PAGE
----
HUNTSVILLE, Ala. (WHNT) – February is Black History month. Teachers in schools across the United States are taking the time to highlight the impact African Americans have had on our country. WHNT NEWS 19 has the story of a Huntsville man who had such impact here and the students who are anxious to learn about his legacy.
Kwesi Jackson deals withs some of the youngest minds every day. He teaches social studies at Whitesburg Middle. Jackson got help this time around from his friend, Eddie Davis.
The two talked about Doctor William Hooper Councill.
“I thought how fitting would that be with us in this area. There are so many things that took place in the civil rights movement that came through Huntsville,” said Jackson.
Dr. Councill founded Alabama Agricultural & Mechanical University in 1875.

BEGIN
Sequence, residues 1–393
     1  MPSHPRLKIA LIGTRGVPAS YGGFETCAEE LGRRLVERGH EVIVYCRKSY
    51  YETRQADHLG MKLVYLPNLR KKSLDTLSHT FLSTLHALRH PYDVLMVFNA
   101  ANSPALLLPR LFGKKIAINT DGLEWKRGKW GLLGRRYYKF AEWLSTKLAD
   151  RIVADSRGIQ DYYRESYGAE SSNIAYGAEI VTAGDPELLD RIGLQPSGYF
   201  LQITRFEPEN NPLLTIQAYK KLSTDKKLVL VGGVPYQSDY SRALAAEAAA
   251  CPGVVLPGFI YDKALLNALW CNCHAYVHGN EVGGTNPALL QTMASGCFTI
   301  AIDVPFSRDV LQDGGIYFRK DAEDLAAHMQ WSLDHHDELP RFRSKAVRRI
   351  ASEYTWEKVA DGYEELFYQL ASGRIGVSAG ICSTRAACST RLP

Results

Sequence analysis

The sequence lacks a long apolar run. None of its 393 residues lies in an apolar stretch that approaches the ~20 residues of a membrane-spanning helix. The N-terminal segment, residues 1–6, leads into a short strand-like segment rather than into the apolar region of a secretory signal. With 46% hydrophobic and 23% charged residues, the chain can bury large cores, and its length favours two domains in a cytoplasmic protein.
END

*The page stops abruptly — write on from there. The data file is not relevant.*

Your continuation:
“Huntsville has many black figures. The one whom I believe we`ve kind of failed to remember is Dr. William Hooper Councill,” said Davis.
Davis told Jackson’s seventh-graders about Dr. Councill’s background, up-bringing and accomplishments.
One was the opening of the Lincoln School, Madison County’s first school for blacks.
“I thought he was pretty cool because I had never really heard of the guy. Now, I have a good understanding of what he did and who he was to Huntsville, said Student Austin Huggins.
Huggins was not the only one to learn something about AAMU’s original Bulldog.
Marina Holt plans to share something with her family at home.
‘I will tell them how he was trying to give freedom, went back to speak to people in churches and built a hotel for slaves. He also built a school for kids who were black,” said Holt.
Davis says he’s working on a book about the life of AAMU’s founder. A release date for the book is not yet scheduled.